Rubio's proposal appears to lack the teeth that some competing privacy bills have. Instead of giving the FTC the authority to create regulations, it requires Congress to write the rules and asks the agency to enforce what they come up with. Only if Congress fails to successfully pass a law within two years of the ADDA going into effect would the FTC have the power to write rules on its own. The ADDA would also require exemptions for smaller companies to operate outside of rules that might hurt their business.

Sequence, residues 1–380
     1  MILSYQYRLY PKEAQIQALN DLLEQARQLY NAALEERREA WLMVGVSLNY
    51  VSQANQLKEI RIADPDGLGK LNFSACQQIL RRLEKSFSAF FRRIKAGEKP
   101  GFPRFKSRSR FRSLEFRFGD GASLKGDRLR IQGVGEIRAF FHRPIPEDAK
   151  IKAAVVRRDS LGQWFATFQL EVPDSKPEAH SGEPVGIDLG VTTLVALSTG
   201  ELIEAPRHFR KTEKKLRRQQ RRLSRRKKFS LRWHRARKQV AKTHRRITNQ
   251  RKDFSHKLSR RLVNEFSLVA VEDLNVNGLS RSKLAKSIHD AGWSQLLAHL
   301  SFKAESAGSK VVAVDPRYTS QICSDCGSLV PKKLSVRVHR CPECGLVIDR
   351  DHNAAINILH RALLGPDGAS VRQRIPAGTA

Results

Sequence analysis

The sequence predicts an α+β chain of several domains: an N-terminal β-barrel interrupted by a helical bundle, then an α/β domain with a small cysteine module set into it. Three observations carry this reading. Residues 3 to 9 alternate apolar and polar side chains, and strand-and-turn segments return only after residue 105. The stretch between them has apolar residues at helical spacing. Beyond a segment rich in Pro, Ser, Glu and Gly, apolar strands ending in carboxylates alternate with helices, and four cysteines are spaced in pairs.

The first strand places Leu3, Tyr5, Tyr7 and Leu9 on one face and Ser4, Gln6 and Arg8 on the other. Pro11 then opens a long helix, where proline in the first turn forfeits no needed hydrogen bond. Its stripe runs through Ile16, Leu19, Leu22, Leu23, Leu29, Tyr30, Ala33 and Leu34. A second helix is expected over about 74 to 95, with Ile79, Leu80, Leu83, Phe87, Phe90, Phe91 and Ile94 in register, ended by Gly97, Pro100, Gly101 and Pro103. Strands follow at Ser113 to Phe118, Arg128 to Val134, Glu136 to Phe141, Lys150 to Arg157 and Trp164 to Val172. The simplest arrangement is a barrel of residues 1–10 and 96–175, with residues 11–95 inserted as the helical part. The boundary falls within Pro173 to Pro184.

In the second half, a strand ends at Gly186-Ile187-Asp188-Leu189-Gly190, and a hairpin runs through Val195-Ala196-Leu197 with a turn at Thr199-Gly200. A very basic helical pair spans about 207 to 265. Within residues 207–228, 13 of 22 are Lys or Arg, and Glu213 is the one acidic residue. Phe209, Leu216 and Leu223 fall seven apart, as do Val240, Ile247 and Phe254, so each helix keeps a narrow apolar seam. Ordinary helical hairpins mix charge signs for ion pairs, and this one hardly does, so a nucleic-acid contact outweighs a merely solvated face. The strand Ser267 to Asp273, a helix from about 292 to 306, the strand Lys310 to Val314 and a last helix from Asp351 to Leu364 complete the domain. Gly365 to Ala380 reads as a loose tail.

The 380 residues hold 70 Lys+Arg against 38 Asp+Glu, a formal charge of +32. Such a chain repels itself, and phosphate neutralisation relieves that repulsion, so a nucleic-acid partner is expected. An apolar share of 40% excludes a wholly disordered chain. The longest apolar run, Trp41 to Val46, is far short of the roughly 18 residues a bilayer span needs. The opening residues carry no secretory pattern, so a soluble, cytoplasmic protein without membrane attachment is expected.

While Rubio's bill -- which doesn't have any cosponsors -- take some baby steps toward improving data privacy laws, it also would effectively override any state laws that might have stricter rules that tech giants and telecom companies have to follow. With California's Consumer Privacy Act set to go into effect in 2020 and a number of state-based net neutrality laws on the books, the ADDA may be viewed as a way to undermine those more stringent rules with watered down national laws.